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image icon 'Pendant', 1977

'Pendant', 1977
Art Gallery of South Australia


This is a gold and stainless steel pendant made by Frank Bauer (1942-) in 1977. Measuring 22.0 cm x 5.5 cm, it consists of a decorative rectangular unit attached to a neck chain. The rectangular unit is composed of small open cubes made from squared rods of gold metal. These cubes are arranged in rows of six, one row below the other and stepped to create a staircase-like structure. Within some of the rows are curved plates of shiny stainless steel. The neck chain is made up of five linear units of thin, round rods made of gold metal with a catch at its centre.

Educational value

This resource is useful because it:

  • is a work by German-born Frank Bauer, an Adelaide-based, internationally recognised designer of lighting, jewellery and other objects - Bauer trained as a musician and architect in Germany before studying blacksmithing, welding, gold- and silversmithing and enamelling (1962-65); in 1966 he joined the Kilkenny Design Workshops in Ireland, but returned to Germany the following year to attend art schools in Kassel and Hamburg; in 1972 he moved to Sydney, where he established a metal workshop, and then to Adelaide where he worked at the Jam Factory Workshops (1975-78); in 1979 he moved to London and returned to Adelaide in 1984 to lecture at the School of Design, University of South Australia; in 1988 he left teaching to work full-time at designing lighting, furniture and sculpture; in 2000 his solo exhibition 'Frank Bauer: Designer - jewellery, metalwork, lighting 1975-2000' was presented at the Powerhouse Museum, Sydney, and the Jam Factory Contemporary Craft and Design, Adelaide; a 'Bauer kettle' has been commemorated on an Australian stamp
  • reflects, through its grid-like design, Bauer's exploration of and interest in geometrical structures - this interest has been present in his jewellery since the 1970s; in the mid and late 1970s Bauer produced a series of gold rings, neckpieces and brooches that utilised grid forms, usually built of 5 mm cubes in gold silver and palladium (a charcoal-grey form of platinum), and incorporated curved stainless steel reflectors; curator and art historian Margot Osborne has described these works as 'architecture in miniature'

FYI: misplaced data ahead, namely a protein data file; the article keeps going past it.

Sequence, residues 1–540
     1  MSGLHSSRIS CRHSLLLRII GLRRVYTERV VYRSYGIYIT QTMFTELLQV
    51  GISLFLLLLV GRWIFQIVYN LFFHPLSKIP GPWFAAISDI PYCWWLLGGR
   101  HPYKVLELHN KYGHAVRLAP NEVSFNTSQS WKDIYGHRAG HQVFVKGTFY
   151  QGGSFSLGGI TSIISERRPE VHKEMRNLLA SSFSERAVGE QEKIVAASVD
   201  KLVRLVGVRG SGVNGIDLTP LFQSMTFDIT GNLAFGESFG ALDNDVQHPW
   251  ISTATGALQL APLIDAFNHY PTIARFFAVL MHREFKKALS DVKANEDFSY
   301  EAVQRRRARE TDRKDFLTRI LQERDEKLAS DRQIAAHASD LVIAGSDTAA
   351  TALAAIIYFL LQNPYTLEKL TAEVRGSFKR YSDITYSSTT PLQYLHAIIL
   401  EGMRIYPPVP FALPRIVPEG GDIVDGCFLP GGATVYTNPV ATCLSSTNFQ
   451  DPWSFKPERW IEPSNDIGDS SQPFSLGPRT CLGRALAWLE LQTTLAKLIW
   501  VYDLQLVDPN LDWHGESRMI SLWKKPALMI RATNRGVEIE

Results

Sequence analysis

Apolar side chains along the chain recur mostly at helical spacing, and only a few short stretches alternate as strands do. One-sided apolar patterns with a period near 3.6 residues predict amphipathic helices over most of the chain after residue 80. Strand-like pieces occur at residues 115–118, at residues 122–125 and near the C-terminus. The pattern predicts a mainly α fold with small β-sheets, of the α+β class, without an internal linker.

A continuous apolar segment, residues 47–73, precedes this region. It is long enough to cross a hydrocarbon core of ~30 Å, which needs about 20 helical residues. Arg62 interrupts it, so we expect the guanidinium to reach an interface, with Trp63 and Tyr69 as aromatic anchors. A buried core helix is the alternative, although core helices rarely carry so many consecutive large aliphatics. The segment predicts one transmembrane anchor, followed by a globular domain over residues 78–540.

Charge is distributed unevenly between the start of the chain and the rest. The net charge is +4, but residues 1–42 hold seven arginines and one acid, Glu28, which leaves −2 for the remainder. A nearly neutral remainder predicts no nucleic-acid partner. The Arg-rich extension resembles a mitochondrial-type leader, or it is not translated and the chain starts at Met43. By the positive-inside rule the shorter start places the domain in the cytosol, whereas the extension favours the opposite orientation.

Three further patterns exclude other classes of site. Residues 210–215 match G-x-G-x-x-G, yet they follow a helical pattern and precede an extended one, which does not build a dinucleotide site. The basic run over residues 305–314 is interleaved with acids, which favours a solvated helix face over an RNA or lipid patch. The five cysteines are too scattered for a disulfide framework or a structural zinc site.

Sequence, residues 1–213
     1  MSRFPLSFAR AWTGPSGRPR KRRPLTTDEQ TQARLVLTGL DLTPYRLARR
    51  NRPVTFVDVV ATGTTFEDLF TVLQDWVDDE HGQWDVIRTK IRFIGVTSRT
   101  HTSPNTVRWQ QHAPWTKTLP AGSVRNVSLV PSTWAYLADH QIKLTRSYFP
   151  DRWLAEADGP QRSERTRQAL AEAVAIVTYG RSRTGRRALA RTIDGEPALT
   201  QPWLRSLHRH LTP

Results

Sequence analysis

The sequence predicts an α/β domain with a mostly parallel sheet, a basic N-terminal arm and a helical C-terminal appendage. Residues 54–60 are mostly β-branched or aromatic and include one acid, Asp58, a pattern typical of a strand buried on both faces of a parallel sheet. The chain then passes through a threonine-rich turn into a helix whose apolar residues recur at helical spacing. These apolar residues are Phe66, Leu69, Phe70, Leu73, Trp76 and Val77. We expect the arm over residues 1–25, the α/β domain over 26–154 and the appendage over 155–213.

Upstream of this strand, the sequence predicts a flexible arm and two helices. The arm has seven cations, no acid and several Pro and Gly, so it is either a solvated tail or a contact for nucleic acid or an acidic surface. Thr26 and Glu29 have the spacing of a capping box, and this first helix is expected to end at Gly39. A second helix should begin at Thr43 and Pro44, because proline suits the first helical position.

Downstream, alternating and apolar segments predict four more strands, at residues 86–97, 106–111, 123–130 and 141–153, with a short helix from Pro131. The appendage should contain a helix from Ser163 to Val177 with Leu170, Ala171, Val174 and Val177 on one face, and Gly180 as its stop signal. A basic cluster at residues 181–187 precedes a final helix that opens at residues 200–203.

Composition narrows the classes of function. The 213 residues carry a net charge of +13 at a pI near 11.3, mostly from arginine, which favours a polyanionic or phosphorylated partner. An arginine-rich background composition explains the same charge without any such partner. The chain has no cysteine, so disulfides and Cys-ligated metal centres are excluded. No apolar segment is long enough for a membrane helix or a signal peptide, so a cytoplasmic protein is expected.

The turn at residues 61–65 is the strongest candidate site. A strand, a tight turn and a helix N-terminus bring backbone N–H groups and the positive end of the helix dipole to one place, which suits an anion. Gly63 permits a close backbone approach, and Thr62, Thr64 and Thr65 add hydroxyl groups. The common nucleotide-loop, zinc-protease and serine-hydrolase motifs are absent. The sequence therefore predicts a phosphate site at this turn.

• demonstrates Bauer's ongoing interest in the interactive capacity of jewellery - Bauer's jewellery of the early 1960s clearly indicates his preference for a formal, constructive approach to form; Bauer also has an interest in kinetics and optical dynamics, which he shares with a number of contemporary artists, particularly Alexander Calder (1898-1976), Sol Le Witt (1928-), Bridget Riley (1931-) and Jesus Raphael Soto (1923-); after seeing an exhibition of Soto's work in 1969, Bauer began to explore jewellery structures that he described as having 'a dialogue with the wearer'; Bauer's response at the time was to make jewellery pieces with framing structures within which shapes or lines vibrated, rolled or moved in controlled paths
  • is an excellent example of how Bauer has been able to continue to explore and extend the basic concept of jewellery as something physically and visually interactive - around 1975 he made objects that could loosely be described as rings and bracelets that clamped or screwed onto the limbs of the wearer; these were sometimes spring-loaded so that they could respond to and fit the wearer; in 1974 Bauer was commissioned to design a trophy for the David Jones fashion awards, which he constructed from tiers of concave and convex highly reflective discs; this commission led Bauer to create a series of jewellery designs in which curved and reflective units were incorporated into miniature grid structures (as in 'Pendant')
  • is an example of an approach to function and design that Bauer has been able to apply across a wide range of media and applications - in addition to jewellery, Bauer has designed domestic-ware and lighting; this wide-ranging creative ability stems in part from his formative experience as a young designer; Bauer's father, Carl, trained as an architect at the Bauhaus, a German art and architecture school (1919-33), which had the primary objective of unifying art, craft and technology; the younger Bauer was exposed to the work and ideas of a range of designers, architects, metalsmiths, silversmiths and sculptors, many of whom worked across disciplines and media
  • was made by one of several silversmiths who emigrated to Australia from Scandinavia and Germany in the 1960s and 1970s - this group included Helge Larsen (arrived 1961), Ragnar Hansen (arrived 1972), Vagn Hemmingsen and Hendrick Foster (both arrived 1974) and Johannes Kuhnen (arrived 1981); an important element in the development of metalwork and jewellery in Australia was that in addition to producing their own work, these artists (including Bauer) worked as teachers; a number of these designers favoured an organic, body-responsive approach to form, whereas Bauer's jewellery designs operate on the basis of counterposing the sensuous curves of the body with the beauty of geometry.